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March 8, 2018 in Scholarship, Tax | Permalink | Comments (1)

Protestors Disrupt Speech By Christina Hoff Sommers At Lewis & Clark Law School

New York Times op-ed:  We’re All Fascists Now, by Bari Weiss:

Christina Hoff Sommers is a self-identified feminist and registered Democrat with a Ph.D. in philosophy and a wicked sense of humor. She is also a woman who says bad things. Things like: Men and women are equal, but there are differences between them. Or: The gender gap in STEM fields isn’t simply the result of sexism. Or: Contrary to received wisdom, the American school system actually favors girls, not boys.

When such a person steps foot on a college campus these days, you know what’s coming. So it was on Monday at Lewis & Clark Law School in Portland, Ore., where Ms. Sommers had been invited by the Federalist Society to give a talk about feminism.

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March 8, 2018 in Legal Education | Permalink | Comments (5)

Treasury To Close Carried Interest Loophole

Wall Street Journal, Treasury Issues Tax Guidance Limiting Carried-Interest Provision:

The Treasury Department moved Thursday [Notice 2018-18] to limit a gap that could have let some investment-fund managers avoid higher taxes on their carried-interest income.

The formal move, previously announced by Treasury Secretary Steven Mnuchin, will be followed by regulations that will be retroactive to Jan. 1, the government said. ...

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March 8, 2018 in IRS News, Tax | Permalink | Comments (1)

Wednesday, March 7, 2018

Race, Cognitive Biases, And The Power Of Law Student Teaching Evaluations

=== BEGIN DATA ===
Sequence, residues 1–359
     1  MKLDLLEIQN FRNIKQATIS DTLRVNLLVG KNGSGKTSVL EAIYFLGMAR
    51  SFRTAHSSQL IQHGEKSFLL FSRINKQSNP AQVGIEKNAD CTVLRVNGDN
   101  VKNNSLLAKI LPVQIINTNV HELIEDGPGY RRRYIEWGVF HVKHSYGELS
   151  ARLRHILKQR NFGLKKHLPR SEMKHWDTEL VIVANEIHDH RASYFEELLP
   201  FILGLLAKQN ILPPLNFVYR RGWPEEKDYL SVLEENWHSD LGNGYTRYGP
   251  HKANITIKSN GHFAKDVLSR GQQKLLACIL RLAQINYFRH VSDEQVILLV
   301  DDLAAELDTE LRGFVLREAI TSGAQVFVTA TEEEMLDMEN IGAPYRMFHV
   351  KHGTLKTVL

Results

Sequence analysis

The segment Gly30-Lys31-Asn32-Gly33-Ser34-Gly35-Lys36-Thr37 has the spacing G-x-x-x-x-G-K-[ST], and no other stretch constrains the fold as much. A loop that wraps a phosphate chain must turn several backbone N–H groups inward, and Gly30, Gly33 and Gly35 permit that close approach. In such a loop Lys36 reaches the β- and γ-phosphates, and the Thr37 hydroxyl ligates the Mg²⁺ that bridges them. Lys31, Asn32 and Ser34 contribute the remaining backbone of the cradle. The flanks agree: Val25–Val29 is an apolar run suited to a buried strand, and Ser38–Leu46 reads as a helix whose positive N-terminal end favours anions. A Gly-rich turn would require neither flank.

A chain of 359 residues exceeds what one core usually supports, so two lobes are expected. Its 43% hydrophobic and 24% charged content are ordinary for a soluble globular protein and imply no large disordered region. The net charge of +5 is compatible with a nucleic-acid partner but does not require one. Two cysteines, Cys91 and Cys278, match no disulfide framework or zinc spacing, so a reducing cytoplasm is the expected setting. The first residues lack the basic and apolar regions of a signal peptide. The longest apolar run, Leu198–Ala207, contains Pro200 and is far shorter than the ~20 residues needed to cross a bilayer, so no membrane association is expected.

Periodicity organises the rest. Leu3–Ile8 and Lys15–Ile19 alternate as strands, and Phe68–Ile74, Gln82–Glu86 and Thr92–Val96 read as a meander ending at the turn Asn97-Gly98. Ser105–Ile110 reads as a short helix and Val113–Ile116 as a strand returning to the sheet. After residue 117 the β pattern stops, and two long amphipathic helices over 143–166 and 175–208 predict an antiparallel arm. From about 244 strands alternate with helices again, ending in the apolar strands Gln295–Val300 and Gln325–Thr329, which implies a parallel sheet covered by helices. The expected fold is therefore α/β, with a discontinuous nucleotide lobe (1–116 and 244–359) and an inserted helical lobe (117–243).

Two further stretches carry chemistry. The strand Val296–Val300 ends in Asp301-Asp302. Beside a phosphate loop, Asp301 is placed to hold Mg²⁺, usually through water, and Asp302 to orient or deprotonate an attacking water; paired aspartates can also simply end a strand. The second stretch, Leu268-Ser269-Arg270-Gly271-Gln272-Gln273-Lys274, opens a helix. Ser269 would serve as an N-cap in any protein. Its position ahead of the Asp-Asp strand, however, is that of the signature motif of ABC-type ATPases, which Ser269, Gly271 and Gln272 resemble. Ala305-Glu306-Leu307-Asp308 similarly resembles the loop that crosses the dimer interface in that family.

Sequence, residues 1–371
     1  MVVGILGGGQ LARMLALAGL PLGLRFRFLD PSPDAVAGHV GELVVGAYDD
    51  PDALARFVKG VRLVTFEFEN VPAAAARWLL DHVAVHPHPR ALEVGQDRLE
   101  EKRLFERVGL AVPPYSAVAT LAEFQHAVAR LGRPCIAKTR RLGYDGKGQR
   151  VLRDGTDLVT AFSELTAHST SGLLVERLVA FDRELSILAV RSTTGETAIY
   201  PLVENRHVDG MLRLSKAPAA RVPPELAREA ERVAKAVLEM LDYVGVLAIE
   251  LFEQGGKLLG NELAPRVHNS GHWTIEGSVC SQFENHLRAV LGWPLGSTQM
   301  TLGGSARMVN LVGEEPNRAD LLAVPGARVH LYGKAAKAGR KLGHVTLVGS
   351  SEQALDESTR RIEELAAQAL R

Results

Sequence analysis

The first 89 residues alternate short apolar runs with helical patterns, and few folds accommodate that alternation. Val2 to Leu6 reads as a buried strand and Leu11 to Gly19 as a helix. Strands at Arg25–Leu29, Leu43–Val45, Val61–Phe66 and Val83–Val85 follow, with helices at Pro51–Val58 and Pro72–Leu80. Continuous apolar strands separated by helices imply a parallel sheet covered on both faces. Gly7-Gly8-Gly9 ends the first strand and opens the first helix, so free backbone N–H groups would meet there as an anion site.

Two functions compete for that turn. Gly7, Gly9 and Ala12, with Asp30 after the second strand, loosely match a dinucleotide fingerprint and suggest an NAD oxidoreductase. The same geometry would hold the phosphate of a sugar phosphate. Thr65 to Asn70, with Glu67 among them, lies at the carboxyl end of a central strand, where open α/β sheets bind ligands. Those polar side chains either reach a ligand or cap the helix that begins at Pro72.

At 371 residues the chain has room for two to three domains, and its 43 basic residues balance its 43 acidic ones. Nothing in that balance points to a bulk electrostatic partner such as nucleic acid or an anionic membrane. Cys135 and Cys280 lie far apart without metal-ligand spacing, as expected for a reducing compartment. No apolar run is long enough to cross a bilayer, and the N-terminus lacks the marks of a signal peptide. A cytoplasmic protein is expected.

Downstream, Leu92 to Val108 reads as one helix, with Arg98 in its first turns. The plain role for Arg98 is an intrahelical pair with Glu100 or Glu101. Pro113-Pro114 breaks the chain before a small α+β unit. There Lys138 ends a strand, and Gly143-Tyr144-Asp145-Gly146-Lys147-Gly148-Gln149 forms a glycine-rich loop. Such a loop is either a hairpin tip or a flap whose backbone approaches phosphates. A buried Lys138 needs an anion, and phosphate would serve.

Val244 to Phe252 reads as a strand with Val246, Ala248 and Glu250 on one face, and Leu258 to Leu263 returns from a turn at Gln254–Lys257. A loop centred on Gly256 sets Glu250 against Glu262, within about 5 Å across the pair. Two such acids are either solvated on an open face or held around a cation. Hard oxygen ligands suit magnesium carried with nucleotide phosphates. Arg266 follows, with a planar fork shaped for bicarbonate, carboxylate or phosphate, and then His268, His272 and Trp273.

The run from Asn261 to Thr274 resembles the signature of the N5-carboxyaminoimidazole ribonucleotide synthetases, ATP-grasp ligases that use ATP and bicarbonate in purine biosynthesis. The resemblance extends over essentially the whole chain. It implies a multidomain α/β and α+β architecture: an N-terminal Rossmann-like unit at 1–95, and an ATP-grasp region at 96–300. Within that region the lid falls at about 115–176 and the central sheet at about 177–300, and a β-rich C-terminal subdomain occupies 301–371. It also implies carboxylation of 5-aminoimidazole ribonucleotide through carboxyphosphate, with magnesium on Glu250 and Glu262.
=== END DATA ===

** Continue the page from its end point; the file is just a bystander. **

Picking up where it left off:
Gregory S. Parks (Wake Forest), Race, Cognitive Biases, and the Power of Law Student Teaching Evaluations, 51  U.C. Davis L. Rev. 1039 (2018):

Decades of research shows that students' professor evaluations are influenced by factors well-beyond how knowledgeable the professor was or how effectively they taught. Among those factors is race. While some students' evaluative judgments of professors of color may be motivated by express racial animus, it is doubtful that such is the dominant narrative. Rather, what likely takes place are systematic deviations from rational judgment, whereby inferences about other people and situations are illogically drawn. In short, students' cognitive biases skew how they evaluate professors of color. In this Article, I explore how cognitive biases among law students influence how they perceive and evaluate law faculty of color.

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March 7, 2018 in Legal Education, Scholarship | Permalink | Comments (1)

Cooper: Soldiers With Fortunes? Rethinking The Tax Treatment Of Fallen Combatants

Jeffrey A. Cooper (Quinnipiac), Soldiers with Fortunes?: Rethinking the Tax Treatment of Fallen Combatants, 9 Colum. J. Tax L. 113 (2017):

Section 2201 of the Internal Revenue Code provides a partial estate tax exemption for members of the armed forces who die in, or as a result of, combat operations. In this Article, I explore the origins of this exemption and assess the extent to which it serves three important policy goals: (1) reducing financial and administrative burdens on military families, (2) incentivizing military service, and (3) avoiding the moral hazard of the government being able to “profit” (through increased tax revenues) as a result of combat deaths.

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March 7, 2018 in Scholarship, Tax | Permalink | Comments (0)

The Uneasy History Of Experiential Education in U.S. Law Schools

Peter A. Joy (Washington University), The Uneasy History of Experiential Education in U.S. Law Schools, 122 Dickinson L. Rev. ___ (2018):